It got quiet all of a sudden. Poppa Joe Harris had nothing to say. The SI with the colla-poppin' Prince on the cover got looked at hard, almost as if Poppa's stone was rollin', almost as if he was blaming SI for the loss. Then he thought different. Instead, the magazine found the trash.
For four months, ever since they beat Wake Forest on Dec. 1, the feeling around the Crilla (Chicago) the home team gave us was the most beautifullest thing in the world since MJ faded Bryon Russell on June 14, 1998. The Stylin' Illini gave us that old feeling. That feeling of "we ain't about to get beat no time soon." We had replaced that corny swagger with a pimp strut, George Jefferson/Tupac style. Three players on the All-Big Ten First Team. Ain't had a loss since a loss had us this same month last year. A feeling of something less than invincibility, but more than arrogance. A 2005 feeling that "we ain't going out like St. Joe's" in 2004; a "we got bigger plans" feeling. At least, we had that feeling until yesterday.
|Do you live in a frat, dorm, Maranatha house, Goth shelter or the school president's mansion at the University of Illinois? Would you like to host ESPN.com writer Jim Caple during the first week of the NCAA tournament when he spends March Madness living on campus? If so, click here and e-mail us with all the pertinent contact information, living arrangements and hazing rituals. You could be the star of Page 2 next week. (Jim also points out that he'll accept invitations to live in a sorority).|
In a second-floor office a writer by the name of (get this) Bruce Wayne is sitting at his desk, Prince's "Sign 'O' The Times" blasting in the background. You can hear it from his second-floor window. He's sending out e-mails to everyone he knows. The e-mail's entitled: "Our Bad? Ohio State 65, Illinois 64," the first line. There's a sarcastic smile on his face similar to a cat that just swallowed a bird. He's watching the people of Chicago swallow pride.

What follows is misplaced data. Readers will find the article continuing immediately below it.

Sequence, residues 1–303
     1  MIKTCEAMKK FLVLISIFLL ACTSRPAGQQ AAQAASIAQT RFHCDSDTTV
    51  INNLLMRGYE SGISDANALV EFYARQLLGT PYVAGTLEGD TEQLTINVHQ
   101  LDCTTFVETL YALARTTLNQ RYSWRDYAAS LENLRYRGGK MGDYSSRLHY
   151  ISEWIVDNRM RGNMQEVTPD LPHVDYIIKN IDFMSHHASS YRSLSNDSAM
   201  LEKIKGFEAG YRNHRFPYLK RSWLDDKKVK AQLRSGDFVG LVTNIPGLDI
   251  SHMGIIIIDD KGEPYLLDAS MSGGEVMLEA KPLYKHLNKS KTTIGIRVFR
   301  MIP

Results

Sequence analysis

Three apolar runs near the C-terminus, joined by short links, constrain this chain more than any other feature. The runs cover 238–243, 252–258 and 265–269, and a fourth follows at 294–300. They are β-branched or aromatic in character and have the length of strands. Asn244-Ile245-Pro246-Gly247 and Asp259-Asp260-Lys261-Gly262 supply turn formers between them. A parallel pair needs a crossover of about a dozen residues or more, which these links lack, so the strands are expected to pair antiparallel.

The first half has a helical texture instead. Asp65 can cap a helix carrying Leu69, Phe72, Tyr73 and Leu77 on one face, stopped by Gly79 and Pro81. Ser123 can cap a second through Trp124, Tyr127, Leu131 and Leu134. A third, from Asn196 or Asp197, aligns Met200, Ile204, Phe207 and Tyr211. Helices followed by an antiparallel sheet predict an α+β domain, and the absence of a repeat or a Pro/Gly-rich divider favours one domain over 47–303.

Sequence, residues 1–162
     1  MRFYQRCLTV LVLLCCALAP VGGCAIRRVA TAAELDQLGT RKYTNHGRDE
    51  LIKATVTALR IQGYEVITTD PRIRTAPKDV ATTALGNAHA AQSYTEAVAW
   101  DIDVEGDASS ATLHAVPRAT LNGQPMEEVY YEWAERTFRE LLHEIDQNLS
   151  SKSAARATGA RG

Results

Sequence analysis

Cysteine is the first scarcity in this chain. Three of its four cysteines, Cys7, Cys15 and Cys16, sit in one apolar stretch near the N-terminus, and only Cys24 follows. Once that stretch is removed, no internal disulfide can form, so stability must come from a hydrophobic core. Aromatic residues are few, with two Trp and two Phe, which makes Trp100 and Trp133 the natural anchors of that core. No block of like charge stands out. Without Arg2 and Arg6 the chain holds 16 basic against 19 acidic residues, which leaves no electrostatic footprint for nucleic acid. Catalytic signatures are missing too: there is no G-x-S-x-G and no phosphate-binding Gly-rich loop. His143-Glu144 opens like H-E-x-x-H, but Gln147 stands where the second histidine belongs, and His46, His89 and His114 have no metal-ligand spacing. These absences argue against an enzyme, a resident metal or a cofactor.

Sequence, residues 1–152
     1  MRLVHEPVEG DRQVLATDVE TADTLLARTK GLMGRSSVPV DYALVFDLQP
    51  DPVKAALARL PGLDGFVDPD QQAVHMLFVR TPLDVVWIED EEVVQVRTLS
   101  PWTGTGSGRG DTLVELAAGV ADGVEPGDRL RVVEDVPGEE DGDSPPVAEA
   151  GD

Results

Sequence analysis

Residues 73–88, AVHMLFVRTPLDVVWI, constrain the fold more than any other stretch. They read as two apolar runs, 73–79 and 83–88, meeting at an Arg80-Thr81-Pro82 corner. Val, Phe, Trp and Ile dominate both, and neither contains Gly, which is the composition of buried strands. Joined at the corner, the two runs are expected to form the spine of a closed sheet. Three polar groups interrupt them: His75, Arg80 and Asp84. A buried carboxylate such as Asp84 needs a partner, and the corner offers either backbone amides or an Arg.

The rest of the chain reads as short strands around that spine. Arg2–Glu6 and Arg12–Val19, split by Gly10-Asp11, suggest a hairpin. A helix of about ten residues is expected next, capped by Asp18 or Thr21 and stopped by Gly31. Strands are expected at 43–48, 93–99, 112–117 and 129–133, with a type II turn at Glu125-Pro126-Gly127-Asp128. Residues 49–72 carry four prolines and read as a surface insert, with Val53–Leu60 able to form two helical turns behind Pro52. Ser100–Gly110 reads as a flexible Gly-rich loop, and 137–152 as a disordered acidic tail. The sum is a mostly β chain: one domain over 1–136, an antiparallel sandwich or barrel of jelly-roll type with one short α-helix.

"I knew that Illini fans had their hearts set on an undefeated season," Wayne says. "But as a native of Columbus, Ohio, I don't feel bad about knockin' y'all out the box." Then he lets out this sarcastic laugh. "We were just playin'."
He uses the operative word: "y'all." As if Chicago is Champaign. He speaks about this Illini team as if it is claimed by something much bigger than the Urbana campus it sits on, bigger than the money Green Street that runs through it. Batman's right. The two-hour distance between the Magnificent Mile and 4th Street has closed since Thanksgiving, when the Illini made notice that weekend that this season was 'bout to be special by beating Gonzaga by 17.
Chicago became "ya'll" then, included in the conversation about Illini loyalty. Orange "I" caps all up and down Michigan Ave. and in Cub-centric Wrigleyville. Blue "I" tees over white thermal long sleeves in the Ickes and in the Gardens. The city had fallen for the downstate team like it was an Alicia Keys classic. We lay claim, forever letting folks know: "Dee Brown and Luther Head run the squad!" purposely eliminating Deron Williams because he's from Texas. Nothing personal, but the Chi looks out for its own -- regardless of accuracy and intent.